A set of standards are expected to be released following these talks, which will be attended by more than 40 representatives of all areas of aviation, airports, ATS and airlines.
Since the disappearance of Malaysia flight MH370, questions have been asked about the ability of radar to track aircraft worldwide. We know the technology exists, so how is it possible to ‘lose’ an aircraft to such an extent.
According to NZ Airways, who are responsible for the country’s 30 million square kilometres of airspace, a mere 60% of flights were tracked using satellite. Head of Auckland operations, Tim Boyle said, “It’s either radio or via what we call data link… through satellites.”
‘If data link updates were missed, and the aircraft remained out of radio contact, then Airways would have no way of knowing where the aircraft was’, he added.
The only route that has data link satellite mandates in place is within the North Atlantic route, according to Inmarsat senior vice-president of external affairs, Chris McLaughlin. It was an Inmarsat network that picked up data ‘handshakes’ from the missing Boeing 777 for up to five hours after it had left Malaysian airspace.
Black spots exist across the globe, for airlines that choose not to ‘opt into’ a contract for data-link systems. Neither Australia or New Zealand have any mandatory regulations to specify position reporting and it is thought that many aircraft are flying for long hours without reporting their positions.
Honeywell GDC Aircraft Datalink clients of WSI Corporation can now look forward to global flight tracking as part of the WSI Fusion Package. The announcement is a part of the WSI and Honeywell agreement to enhance business aviation operations.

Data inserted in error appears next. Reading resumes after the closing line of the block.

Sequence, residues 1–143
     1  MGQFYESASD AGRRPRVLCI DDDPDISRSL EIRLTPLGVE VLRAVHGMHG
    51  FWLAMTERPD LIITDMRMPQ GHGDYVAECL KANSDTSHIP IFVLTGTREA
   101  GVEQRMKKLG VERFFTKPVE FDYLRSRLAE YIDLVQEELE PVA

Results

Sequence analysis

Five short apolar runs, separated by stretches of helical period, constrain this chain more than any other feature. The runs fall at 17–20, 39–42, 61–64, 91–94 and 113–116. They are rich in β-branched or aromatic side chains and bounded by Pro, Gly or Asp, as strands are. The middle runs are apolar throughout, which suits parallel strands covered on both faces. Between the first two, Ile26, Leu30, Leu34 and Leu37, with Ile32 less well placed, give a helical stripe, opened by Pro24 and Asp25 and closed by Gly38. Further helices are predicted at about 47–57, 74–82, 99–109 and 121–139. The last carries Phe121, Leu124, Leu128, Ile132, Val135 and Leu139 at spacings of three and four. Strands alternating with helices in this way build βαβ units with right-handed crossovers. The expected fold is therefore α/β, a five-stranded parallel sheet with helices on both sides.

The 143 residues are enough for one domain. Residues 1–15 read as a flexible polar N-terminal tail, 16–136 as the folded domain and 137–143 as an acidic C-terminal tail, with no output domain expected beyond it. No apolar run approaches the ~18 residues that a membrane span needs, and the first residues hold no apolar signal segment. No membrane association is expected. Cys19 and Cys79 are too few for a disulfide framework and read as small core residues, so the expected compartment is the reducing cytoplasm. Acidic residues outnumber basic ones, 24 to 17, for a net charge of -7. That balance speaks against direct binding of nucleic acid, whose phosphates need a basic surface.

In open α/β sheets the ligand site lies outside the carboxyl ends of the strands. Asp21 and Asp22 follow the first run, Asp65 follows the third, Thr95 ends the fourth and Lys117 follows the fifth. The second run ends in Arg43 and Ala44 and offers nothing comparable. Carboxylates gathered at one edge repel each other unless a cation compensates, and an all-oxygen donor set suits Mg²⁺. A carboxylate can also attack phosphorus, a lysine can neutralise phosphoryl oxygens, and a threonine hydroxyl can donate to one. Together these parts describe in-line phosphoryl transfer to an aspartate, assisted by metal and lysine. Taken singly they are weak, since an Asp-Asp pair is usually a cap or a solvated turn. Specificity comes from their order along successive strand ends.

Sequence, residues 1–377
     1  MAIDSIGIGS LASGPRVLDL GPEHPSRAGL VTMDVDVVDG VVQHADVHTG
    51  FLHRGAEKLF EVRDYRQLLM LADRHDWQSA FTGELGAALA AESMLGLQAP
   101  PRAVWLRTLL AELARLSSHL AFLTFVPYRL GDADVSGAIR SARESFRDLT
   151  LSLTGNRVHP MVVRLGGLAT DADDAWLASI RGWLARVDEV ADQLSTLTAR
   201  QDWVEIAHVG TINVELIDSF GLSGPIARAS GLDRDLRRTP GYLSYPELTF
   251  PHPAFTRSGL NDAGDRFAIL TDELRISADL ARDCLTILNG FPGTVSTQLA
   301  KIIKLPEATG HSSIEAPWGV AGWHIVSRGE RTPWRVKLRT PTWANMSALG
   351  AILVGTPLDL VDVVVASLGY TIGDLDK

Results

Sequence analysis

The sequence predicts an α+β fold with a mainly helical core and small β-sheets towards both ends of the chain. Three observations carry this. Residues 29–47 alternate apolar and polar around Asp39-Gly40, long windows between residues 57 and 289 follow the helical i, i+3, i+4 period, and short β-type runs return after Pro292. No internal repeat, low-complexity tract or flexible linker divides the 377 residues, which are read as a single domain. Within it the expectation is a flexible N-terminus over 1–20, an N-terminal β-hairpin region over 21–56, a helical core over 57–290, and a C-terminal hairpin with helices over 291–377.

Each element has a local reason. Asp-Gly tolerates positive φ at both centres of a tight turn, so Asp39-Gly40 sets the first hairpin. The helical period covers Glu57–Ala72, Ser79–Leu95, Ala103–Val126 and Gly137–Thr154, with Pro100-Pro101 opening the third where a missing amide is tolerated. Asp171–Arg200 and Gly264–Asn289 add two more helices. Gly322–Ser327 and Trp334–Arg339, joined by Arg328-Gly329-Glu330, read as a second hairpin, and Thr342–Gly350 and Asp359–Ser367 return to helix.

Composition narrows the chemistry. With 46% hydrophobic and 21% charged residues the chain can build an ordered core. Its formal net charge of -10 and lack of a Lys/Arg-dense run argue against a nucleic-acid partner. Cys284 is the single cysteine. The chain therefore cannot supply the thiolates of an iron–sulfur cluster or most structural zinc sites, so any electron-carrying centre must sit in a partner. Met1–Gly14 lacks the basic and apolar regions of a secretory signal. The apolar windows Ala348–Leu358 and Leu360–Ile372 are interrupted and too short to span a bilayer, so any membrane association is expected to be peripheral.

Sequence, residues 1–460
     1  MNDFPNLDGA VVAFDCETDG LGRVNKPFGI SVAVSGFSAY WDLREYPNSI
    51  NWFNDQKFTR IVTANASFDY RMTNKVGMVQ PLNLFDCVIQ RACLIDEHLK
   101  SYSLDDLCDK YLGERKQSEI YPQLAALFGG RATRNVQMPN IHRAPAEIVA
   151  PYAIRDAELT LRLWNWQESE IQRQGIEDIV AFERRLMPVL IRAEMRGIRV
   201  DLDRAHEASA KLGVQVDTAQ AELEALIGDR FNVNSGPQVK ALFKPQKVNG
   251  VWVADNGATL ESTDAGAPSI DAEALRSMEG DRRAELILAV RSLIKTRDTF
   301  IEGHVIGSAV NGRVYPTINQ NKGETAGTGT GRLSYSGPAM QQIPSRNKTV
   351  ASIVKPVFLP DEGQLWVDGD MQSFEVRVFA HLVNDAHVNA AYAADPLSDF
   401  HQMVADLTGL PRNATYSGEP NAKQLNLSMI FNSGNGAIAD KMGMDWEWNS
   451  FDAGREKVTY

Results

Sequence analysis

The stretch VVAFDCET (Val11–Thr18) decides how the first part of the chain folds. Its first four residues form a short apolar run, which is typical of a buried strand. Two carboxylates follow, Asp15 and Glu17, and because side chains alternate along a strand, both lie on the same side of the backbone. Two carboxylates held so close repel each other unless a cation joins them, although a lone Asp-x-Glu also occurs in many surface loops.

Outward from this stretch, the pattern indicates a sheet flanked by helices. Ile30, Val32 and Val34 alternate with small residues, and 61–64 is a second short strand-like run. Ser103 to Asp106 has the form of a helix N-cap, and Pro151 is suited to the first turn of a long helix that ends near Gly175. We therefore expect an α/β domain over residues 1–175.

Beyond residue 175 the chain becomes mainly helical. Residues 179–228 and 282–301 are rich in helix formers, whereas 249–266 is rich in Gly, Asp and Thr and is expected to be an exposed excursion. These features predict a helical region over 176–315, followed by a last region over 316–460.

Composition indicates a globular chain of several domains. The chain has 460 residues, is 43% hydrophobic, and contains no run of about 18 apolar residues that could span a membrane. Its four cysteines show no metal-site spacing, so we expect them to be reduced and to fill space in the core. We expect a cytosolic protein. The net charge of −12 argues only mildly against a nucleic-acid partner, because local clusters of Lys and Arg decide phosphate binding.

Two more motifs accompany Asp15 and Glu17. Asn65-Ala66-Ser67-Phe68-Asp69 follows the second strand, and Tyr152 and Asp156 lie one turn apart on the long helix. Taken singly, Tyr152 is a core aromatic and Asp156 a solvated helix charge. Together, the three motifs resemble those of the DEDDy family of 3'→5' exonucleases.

Global flight tracking enables operators to stay ahead and facilitates operational decision making that will keep flights on time, reducing the impact of disruptive events, such as adverse weather conditions in the planned flight path.
WSI Corporation, based in Massachusetts with offices in Birmingham, U.K. bring weather data to aviation and rely upon aircraft datalink communications to deliver up-to-date, reliable information. Business aviation operators are flying increasingly greater distances and global flight tracking is a valuable tool for the industry sector.
ARINC Direct is another provider of business aviation services to the sector and offer global flight tracking as part of their Flight Support Services package. Global flight tracking is made possible using the network partnership of Inmarsat and Iridium satellites, which can bring seamless connectivity for aircraft datalink communications.